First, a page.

5 Credit Myths People Need to Get Over

Myth #1: Paying the minimum payment for my credit card each month is fine.

200547695-003Yes, it may be fine, but you really aren’t making a dent in your balance. Usually the minimum payment helps offset the interest that has accrued from your financial charges.

If you have a lofty balance, you will end up paying more interest than paying off the actual balance. Furthermore, chances are you are going to make more transactions with your credit card. Paying more than the minimum payment will enable you to have more available credit sooner. Most importantly, paying more than the minimum could improve your credit score.

One of the factors that affect your score is called credit utilization. Credit utilization is the ratio of your credit card balances to credit limits as listed on your credit report. To find out your credit utilization, simply divide your credit card balance by your credit limit then multiply by 100.

Paying the minimum doesn’t stop your balance from quickly approaching your credit limit. The closer your balance is to the limit, the more likely it will bring down your score, as you are utilizing a large amount of credit.

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Myth #2: I was approved for a store credit card at Macy's so a bank should approve me as well.

macysJust because you are approved for a store credit does not mean other creditors will approve you at a bank or another financial institution. All institutions have different credit requirements so a department store approval is not the same as bank approval.

You can always be declined because of the many factors involved in being approved for a credit card or loan. The three main factors are credit score, income, and debt. Creditors want to see that you are able to make monthly payments on time on this new debt that you want from them.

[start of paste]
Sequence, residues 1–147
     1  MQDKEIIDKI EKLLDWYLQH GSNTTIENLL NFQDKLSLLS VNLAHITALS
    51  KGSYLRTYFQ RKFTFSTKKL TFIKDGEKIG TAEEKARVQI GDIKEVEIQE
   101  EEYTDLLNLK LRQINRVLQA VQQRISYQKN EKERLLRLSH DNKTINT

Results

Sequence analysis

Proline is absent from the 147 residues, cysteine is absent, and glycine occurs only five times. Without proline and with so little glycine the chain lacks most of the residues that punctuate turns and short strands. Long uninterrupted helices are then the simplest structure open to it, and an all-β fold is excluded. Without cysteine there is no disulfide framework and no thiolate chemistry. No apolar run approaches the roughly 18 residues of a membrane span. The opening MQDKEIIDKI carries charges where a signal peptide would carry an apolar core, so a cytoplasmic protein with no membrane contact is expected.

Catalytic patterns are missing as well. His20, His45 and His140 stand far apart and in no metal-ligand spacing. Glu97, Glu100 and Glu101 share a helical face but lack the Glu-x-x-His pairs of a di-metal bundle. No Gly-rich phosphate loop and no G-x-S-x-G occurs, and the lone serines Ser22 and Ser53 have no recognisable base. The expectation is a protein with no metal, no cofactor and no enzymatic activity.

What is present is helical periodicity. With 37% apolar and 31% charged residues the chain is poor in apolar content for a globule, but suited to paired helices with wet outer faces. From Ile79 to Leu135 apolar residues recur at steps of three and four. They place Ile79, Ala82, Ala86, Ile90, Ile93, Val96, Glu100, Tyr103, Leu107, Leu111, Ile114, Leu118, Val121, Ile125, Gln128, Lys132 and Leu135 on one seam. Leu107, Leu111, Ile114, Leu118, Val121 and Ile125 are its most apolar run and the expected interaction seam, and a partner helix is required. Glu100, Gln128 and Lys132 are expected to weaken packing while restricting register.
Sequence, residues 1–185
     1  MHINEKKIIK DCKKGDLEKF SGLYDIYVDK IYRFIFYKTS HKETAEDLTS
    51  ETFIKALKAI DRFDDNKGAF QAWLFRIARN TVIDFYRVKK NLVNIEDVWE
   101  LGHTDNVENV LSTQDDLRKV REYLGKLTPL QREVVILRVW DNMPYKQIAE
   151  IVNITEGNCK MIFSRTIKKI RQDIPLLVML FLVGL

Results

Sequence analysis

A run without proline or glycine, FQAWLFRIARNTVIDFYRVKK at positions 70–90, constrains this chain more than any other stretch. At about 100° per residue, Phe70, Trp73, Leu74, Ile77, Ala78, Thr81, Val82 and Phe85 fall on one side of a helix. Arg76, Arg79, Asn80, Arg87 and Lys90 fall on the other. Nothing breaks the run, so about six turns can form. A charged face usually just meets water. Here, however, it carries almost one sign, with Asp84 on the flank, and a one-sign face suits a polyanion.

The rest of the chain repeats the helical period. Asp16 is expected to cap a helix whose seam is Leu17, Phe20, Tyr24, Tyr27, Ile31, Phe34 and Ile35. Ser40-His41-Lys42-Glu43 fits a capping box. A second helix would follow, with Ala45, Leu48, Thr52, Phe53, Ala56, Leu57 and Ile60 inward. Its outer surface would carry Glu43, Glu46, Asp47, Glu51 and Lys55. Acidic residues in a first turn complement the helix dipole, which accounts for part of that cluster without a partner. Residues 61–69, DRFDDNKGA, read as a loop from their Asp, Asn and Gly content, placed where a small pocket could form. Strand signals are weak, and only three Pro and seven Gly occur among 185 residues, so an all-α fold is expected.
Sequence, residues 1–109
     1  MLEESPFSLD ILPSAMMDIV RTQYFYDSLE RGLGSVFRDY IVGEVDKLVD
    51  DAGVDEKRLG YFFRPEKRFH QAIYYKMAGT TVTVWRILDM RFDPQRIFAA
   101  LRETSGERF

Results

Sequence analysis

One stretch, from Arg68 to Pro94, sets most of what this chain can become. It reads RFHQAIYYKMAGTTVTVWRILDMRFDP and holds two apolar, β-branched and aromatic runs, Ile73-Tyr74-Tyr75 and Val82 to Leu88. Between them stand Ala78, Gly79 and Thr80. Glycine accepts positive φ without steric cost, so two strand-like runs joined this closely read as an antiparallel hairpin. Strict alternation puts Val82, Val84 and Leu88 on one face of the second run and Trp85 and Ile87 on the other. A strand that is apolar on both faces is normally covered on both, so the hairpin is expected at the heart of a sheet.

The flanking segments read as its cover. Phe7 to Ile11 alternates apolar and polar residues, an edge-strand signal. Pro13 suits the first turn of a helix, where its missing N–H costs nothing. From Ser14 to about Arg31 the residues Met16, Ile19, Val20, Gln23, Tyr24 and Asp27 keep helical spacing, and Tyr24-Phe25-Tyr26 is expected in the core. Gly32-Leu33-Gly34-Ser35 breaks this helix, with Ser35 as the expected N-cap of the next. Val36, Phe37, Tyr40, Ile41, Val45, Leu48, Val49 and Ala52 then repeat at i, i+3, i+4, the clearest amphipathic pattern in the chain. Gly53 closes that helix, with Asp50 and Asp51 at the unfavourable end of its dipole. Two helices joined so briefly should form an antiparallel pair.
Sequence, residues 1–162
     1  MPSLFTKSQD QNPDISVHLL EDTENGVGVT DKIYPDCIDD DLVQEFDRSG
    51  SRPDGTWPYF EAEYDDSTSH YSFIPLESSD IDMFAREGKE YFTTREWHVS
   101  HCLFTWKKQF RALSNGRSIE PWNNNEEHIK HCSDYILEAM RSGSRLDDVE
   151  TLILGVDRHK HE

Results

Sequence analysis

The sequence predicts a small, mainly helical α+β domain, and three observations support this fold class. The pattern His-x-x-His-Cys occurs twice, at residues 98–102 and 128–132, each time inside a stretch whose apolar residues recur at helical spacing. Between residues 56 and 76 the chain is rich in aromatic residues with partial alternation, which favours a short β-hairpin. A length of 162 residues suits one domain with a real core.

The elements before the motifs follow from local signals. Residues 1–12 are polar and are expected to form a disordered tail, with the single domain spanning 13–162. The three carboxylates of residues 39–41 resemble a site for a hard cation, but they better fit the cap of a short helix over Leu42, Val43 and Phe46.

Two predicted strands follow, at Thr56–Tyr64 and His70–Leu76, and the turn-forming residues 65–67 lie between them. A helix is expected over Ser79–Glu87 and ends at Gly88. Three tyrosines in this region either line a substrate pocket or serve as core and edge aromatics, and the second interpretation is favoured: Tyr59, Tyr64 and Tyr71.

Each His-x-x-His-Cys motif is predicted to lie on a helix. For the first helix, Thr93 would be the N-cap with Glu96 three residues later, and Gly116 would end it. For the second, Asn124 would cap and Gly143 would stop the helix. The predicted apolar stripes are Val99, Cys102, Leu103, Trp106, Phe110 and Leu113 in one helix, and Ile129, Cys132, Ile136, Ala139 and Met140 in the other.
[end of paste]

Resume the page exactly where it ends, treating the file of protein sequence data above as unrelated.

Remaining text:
If you have multiple accounts open and most have a high balance, the likelihood of you getting credit from a bank or another credit lender is low.

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Myth #3: I have a high credit score, so I will always be approved for more credit.

You can have a highighcredit21h credit score and still be denied because you have a large amount of debt. Making a lot of money doesn't necessarily mean you can handle another payment every month.

Creditors are taking their best guess that all things will be constant with your income and financial situation so when they lend money to you, you will be able to pay it back with interest.

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Myth #4: The bank wants me to default on my loan/credit cards.

credit2This is a huge misconception, partly due to the misunderstanding of figures in the fine print of your agreement. Most lenders include fees and other important information in small print somewhere in your contract.

It is vital that you read everything and ask questions about anything you don’t understand even if you think it may be trivial. Doing so will enable you to make a more informed decision. Being informed helps you become a better manager of credit.
If you want to know the rules for lenders, check out this PDF from the Federal Reserve.

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Myth #5: I don’t need to know my score before applying. The lender will check it for me.

handdTrue! The lender will check your score; however, this thought process could be damaging your score. Having your credit pulled multiple times and not opening an account or even worst, being denied, can put a severe dent in your credit score.

Having your credit pulled multiple times and being denied means that multiple creditors aren't willing to lend you money, which does negatively effect your credit.

If you already know your score, you can ask lenders what is the minimum score they accept and you can make the decision on whether or not to proceed in opening an account. Your credit won’t be pulled and you won’t be denied if your score is at or below the minimum.

You have the power of your credit. Furthermore, sharing your score with the lender may aid them in finding you a better fitting credit card or loan.

Also, if you currently have bad/fair credit, that’s okay too. Working with a banker can help you obtain better credit in the future.

Learning how to manage your credit is like riding a bike. You may fall off, but once you have a handle on it, it’s smooth riding.

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